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Eurozone leaders hammer out joint action plan on financial crisis
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Leaders from the eurozone countries hammered out an action plan in a joint response to the unfolding financial crisis at their first ever summit in Paris Sunday.

The financial crisis "needs concrete measures and unity. That is what we have today," French President Nicolas Sarkozy, who hosted the emergency summit with his counterparts from the other 14 eurozone members, said at a press conference.

(From L) Belgium's Prime Minister Yves Leterme, Austria's Federal Chancellor Alfred Gusenbauer, Germany's Federal chancellor Angela Merkel, France's President and current European Union president Nicolas Sarkozy, French Prime Minister Francois Fillon, European Commission President Jose Manuel Barroso, Luxembourg's Prime Minister Jean-Claude Juncker and European Central Bank President Jean-Claude Trichet pose for a family picture ahead of a financial crisis summit gathering Eurogroup heads of state and government at the Elysee Palace in Paris on October 12, 2008. The summit aims to define a joint action plan for the eurozone and the European Central Bank in relation to the current financial crisis. [Xinhua Photo]

In a joint declaration after the summit, eurozone leaders pledged to "act together in a decisive and comprehensive way in order to restore confidence and proper functioning of the financial system, aiming at restoring appropriate and efficient financing conditions for the economy."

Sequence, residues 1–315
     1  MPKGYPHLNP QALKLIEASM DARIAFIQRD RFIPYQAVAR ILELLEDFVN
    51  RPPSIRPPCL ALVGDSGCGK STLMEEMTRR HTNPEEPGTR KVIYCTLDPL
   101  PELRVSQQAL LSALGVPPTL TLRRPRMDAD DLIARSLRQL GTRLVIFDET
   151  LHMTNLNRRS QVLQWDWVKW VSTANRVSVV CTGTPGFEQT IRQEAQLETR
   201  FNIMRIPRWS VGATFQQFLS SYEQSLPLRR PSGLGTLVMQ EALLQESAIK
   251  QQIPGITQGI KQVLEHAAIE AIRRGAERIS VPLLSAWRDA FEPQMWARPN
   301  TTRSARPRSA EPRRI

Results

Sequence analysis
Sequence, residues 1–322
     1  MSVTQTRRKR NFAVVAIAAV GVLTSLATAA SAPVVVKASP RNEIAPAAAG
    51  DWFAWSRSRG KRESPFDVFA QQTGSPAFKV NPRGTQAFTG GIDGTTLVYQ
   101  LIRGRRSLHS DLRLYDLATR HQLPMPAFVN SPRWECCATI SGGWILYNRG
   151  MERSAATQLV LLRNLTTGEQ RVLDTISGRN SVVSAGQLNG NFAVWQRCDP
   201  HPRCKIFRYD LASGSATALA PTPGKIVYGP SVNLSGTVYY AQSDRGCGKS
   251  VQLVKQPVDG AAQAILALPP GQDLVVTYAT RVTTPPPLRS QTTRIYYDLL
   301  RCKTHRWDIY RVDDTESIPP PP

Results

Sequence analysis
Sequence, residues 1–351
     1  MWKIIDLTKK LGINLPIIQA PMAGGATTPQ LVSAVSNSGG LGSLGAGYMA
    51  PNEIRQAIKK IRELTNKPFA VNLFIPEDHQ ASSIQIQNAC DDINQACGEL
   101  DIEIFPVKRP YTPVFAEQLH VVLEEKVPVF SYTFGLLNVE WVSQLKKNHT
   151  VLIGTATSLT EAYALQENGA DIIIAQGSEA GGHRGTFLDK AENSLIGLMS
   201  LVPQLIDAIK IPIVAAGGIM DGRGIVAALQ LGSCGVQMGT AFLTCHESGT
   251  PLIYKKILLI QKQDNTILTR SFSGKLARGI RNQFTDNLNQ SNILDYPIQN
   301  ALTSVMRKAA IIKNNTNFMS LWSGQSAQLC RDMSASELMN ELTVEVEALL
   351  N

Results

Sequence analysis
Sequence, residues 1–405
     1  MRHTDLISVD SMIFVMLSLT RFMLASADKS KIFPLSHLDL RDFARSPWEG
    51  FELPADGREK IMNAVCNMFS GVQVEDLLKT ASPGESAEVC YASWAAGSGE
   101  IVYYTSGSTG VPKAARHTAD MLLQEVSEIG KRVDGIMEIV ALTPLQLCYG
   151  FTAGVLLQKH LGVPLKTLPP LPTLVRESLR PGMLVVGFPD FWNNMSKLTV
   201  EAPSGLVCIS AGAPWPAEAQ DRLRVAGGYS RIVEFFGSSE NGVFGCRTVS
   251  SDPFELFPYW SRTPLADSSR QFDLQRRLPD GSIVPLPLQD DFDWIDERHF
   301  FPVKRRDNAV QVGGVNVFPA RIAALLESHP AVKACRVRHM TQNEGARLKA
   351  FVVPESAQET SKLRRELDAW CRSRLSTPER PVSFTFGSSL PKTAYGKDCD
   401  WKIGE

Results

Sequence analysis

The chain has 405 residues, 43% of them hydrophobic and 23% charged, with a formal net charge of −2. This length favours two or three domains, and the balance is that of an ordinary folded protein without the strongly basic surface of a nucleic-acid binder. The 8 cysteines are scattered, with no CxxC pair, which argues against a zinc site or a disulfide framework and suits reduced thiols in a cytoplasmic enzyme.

Among those agreed measures, Sarkozy said governments, acting on national basis, would buy into banks to boost their finances and temporarily guarantee bank refinancing to ease the credit crunch.

Eurozone leaders said each member state would recapitalize financial institutions by acquiring preferred shares or other instruments including non-dilutive ones.

In a bid to relieve funding problems of liquidity constrained solvent banks, the declaration said the governments would guarantee "for an interim period and on appropriate commercial terms" new debt issued by banks for up to five years.

"This scheme would be limited in amount, temporary and will be applied under close scrutiny of financial authorities until Dec. 31, 2009," it said.

But Sarkozy warned the measure taken by the leaders is "not a gift to banks."

"Banks need to be loaned money," he said. "So that this confidence is restored, states will have the possibility to guarantee the loans that banks take out, guarantee them under different forms."

(Xinhua News Agency October 13, 2008)

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